Show simple item record

dc.contributor.supervisorKent, Bridie
dc.contributor.authorLyndon, Helen
dc.contributor.otherFaculty of Health: Medicine, Dentistry and Human Sciencesen_US
dc.date.accessioned2021-07-05T12:15:24Z
dc.date.available2021-07-05T12:15:24Z
dc.date.issued2021
dc.identifier756371en_US
dc.identifier.urihttp://hdl.handle.net/10026.1/17302
dc.description.abstract

Aim This mixed-methods feasibility study aimed to identify and to develop consensus on the components of a holistic assessment and care planning intervention for frail older people in primary care and to conduct a feasibility cluster randomised, controlled trial with an embedded qualitative study to assess potential trial methods for a definitive trial. Background Frailty is a serious but not inevitable consequence of ageing that can be managed as a long-tern condition. Frail older people are more at risk to adverse health outcomes than the non-frail, yet many do not receive evidence based management including a comprehensive geriatric assessment (CGA); a holistic assessment and care planning approach. This is because the impact of CGA is well evidenced in a hospital setting, but less so with community-dwelling frail older people who receive the majority of their healthcare and support in primary care. It is not clear if this approach can be successfully delivered in primary care and whether a holistic assessment and care planning intervention can be led by nurses rather than the traditional geriatrician-led model.   Methods Firstly, a patient and public involvement consultation informed the design of this mixed-methods feasibility study. Then a three-round e-Delphi study was carried out to gain consensus on the content of the intervention. A multi-site, feasibility, cluster randomised controlled trial (fRCT) with embedded qualitative study was conducted. Findings The e-Delphi survey provided consensus on the important and feasible components of the intervention. This was then further refined by research stakeholders to produce the Holistic Assessment and care Planning Intervention (HAPPI) assessment pack to be used in the fRCT. The fRCT demonstrated that it was possible to conduct a randomised controlled trial of the intervention in primary care, all feasibility criteria relating to recruitment and retention were achieved, outcome measures evaluated, and recommendations made for a definitive trial. The qualitative study determined that the intervention was acceptable to participants and judged as feasible to deliver by the nurses. Trial processes and procedures were feasible with some changes. Conclusions The study adds new knowledge having developed a nurse-led intervention for older people with frailty that can be delivered in primary care. It has demonstrated that the intervention is feasible and provided information to inform the conduct of the definitive randomised controlled trial.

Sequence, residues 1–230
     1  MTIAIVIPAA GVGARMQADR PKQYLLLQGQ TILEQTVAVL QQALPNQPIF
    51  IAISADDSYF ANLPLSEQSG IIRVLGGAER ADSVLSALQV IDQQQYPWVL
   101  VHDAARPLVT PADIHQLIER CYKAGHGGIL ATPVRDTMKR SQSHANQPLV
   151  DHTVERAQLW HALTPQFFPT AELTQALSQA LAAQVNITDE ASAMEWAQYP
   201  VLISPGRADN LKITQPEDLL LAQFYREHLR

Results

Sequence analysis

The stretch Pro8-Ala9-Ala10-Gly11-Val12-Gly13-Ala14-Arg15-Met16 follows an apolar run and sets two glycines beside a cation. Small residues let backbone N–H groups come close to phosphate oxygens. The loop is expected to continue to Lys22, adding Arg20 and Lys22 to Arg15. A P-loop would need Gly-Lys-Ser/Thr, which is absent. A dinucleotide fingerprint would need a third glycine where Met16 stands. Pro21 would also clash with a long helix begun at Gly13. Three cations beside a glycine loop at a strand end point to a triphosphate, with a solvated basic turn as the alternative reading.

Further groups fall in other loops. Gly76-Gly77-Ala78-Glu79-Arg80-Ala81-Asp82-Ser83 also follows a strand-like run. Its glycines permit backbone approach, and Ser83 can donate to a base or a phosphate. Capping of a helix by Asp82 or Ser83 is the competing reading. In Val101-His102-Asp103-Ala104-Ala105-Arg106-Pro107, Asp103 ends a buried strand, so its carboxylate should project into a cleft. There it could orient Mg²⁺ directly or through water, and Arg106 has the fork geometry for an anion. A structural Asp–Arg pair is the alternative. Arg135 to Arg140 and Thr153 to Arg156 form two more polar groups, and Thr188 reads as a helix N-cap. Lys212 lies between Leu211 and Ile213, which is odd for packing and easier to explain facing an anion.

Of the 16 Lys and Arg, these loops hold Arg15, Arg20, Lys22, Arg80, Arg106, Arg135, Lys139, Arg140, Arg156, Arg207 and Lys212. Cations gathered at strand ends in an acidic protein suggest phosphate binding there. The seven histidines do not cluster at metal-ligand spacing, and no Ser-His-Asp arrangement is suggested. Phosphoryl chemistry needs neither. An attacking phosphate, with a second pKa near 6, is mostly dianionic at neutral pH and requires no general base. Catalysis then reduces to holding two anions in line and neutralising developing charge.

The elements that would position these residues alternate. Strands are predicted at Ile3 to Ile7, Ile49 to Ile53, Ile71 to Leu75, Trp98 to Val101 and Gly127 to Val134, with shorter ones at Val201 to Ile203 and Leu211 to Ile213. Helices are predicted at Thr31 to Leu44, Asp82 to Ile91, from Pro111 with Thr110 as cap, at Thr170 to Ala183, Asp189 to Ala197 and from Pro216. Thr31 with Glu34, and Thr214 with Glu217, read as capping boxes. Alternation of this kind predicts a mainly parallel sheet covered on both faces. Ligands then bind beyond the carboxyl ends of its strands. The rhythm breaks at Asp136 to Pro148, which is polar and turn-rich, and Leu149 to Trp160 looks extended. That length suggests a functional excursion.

en_US
dc.description.sponsorshipUniversity of Plymouthen_US
dc.language.isoen
dc.publisherUniversity of Plymouth
dc.rightsAttribution-ShareAlike 3.0 United States*
dc.rights.urihttp://creativecommons.org/licenses/by-sa/3.0/us/*
dc.subjectNurseen_US
dc.subjectNurse-leden_US
dc.subjectHolisticen_US
dc.subjectPerson-centreden_US
dc.subjectPrimary careen_US
dc.subjectOlder peopleen_US
dc.subjectFrailtyen_US
dc.subject.classificationPhDen_US
dc.titleTHE HOLISTIC ASSESSMENT AND CARE PLANNING IN PARTNERSHIP (HAPPI) STUDY A MIXED METHODS FEASIBILITY STUDY OF A NURSE-LED INTERVENTION FOR OLDER PEOPLE WHO LIVE WITH FRAILTYen_US
dc.typeThesis
plymouth.versionpublishableen_US
dc.rights.embargoperiodNo embargoen_US
dc.type.qualificationDoctorateen_US
rioxxterms.versionNA
plymouth.orcid_idhttps://orcid.org/0000-0003-4952-0114en_US


Files in this item

Thumbnail
Thumbnail
Thumbnail

This item appears in the following Collection(s)

Show simple item record

Attribution-ShareAlike 3.0 United States
Except where otherwise noted, this item's license is described as Attribution-ShareAlike 3.0 United States

All items in PEARL are protected by copyright law.
Author manuscripts deposited to comply with open access mandates are made available in accordance with publisher policies. Please cite only the published version using the details provided on the item record or document. In the absence of an open licence (e.g. Creative Commons), permissions for further reuse of content should be sought from the publisher or author.
Theme by 
@mire NV